The jump from backyard to competition barbecue has brought with it an extreme challenge. I've learned to switch from cooking to my tastes to that of the judges. They are looking for a meat done to a defined standard, one with a sweeter flavor profile. It became clear in the first competition that my spicy slow-cooked racks, though second to none in my opinion, were not going to win.
Over the summer I put a big effort into relearning how to make ribs, this time to fit the criteria of judges.
While it was hard to turn against my spicy tastebuds toward a sweeter rib, it was easier to adapt my cooking method to get tender, smoky, and an all-around killer texture to racks of St. Louis-cut ribs. Of course, this meant a bit more than just simply throwing a few racks in the smoker and letting them go until done.
First, to develop a better crust, brush the racks with mustard before applying the rub. Then give them the normal low and slow treatment for three hours, with a misting of apple juice every hour or so to add sweetness, moisture, and aid in forming a beautiful bark. At that point, the racks are foiled with some apple juice and go back in the smoker to braise for another hour. This results in the most flavorful and tender meat, consistently. The ribs are then unwrapped and let smoke until they have a slight bend to them, about another hour or so.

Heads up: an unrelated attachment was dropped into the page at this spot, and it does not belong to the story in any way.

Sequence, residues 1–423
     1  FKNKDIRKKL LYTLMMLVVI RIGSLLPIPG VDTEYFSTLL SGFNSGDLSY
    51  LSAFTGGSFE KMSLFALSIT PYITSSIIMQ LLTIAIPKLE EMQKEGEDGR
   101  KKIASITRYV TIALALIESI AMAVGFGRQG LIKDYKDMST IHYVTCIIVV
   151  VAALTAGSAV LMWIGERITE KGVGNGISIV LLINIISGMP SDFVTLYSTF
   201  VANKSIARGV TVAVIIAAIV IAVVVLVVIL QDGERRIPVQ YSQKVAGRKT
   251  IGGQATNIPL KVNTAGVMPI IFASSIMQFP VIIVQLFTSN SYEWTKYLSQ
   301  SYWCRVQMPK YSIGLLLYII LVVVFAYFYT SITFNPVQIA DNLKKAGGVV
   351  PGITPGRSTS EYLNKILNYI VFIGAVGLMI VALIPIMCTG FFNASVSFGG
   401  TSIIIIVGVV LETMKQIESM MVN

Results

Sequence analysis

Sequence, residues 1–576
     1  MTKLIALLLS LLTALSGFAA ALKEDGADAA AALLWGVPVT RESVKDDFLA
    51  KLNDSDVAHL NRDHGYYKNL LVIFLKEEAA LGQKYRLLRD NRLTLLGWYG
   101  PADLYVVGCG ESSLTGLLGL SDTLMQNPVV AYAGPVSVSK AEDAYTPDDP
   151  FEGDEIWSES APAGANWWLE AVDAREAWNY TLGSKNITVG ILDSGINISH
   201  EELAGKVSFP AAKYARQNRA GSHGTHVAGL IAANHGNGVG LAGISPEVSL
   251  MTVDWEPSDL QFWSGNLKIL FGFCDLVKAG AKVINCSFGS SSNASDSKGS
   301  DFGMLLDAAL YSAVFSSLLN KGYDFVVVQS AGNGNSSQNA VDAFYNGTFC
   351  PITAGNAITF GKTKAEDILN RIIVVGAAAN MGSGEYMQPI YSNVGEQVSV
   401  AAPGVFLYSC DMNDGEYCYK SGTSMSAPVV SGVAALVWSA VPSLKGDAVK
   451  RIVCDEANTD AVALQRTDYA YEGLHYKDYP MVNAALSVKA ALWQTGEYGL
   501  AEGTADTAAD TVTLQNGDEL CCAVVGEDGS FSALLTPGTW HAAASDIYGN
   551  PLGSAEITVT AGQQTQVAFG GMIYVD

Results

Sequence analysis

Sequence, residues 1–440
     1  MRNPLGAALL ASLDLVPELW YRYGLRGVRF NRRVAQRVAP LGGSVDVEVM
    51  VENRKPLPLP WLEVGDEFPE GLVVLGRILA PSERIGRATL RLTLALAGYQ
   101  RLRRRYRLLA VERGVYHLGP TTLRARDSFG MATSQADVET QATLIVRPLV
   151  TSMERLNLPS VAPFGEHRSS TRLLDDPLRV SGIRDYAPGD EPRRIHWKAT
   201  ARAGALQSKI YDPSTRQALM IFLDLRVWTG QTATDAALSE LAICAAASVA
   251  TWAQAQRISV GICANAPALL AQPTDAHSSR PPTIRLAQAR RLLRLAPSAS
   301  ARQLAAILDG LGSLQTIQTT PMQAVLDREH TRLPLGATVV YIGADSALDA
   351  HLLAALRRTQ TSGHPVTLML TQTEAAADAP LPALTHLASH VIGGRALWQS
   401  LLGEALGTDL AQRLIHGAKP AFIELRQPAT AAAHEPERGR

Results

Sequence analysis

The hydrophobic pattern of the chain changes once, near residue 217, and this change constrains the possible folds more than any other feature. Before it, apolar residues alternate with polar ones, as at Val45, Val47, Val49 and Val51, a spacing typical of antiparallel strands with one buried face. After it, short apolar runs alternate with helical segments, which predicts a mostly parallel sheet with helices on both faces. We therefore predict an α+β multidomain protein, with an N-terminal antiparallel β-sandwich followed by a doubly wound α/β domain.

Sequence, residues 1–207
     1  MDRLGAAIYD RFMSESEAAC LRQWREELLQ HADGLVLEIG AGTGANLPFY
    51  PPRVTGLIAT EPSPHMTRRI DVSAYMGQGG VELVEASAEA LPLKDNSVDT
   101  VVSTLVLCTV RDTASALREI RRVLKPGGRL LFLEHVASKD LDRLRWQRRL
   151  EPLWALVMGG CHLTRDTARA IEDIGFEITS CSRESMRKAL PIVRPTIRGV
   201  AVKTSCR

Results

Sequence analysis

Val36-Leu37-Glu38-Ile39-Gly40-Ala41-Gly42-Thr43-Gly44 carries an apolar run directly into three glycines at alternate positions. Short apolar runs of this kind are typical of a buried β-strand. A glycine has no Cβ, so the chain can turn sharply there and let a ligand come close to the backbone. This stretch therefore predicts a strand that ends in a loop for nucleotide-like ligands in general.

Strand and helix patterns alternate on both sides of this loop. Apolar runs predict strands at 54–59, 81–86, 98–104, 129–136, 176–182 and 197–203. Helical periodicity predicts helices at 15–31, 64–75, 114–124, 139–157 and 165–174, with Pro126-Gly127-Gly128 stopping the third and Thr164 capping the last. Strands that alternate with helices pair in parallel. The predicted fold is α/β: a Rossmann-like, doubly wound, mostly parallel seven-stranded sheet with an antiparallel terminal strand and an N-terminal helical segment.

After the ribs are sauced and set over a hot fire, let the racks rest in a pool of agave and brown sugar for a final sweet kick.
The end result is a perfectly cooked, beautiful sweet and smoky masterpiece, one that awarded us fourth place out of 50 teams at our final competition this summer.
On the competition trail, I've also been learning the mystique of barbecue, and while I'm happy to divulge this process, I'm taking the standard "secret" cop-out on the rub and sauces I've been developing.
Still, the rubs and sauces I've posted on the blog so far aren't far off from what I'm using in competition, plus it's great to have fun finding your own favorite rub/sauce combo. Hell, you have a long weekend to go wild with ribs, which just so happens to also be the best way to spend this holiday.
Happy grilling to all!
About the author: Joshua Bousel brings you new, tasty condiment each Wednesday and a recipe for weekend grilling every Friday. He also writes about grilling and barbecue on his blog The Meatwave whenever he can be pulled away from his grill.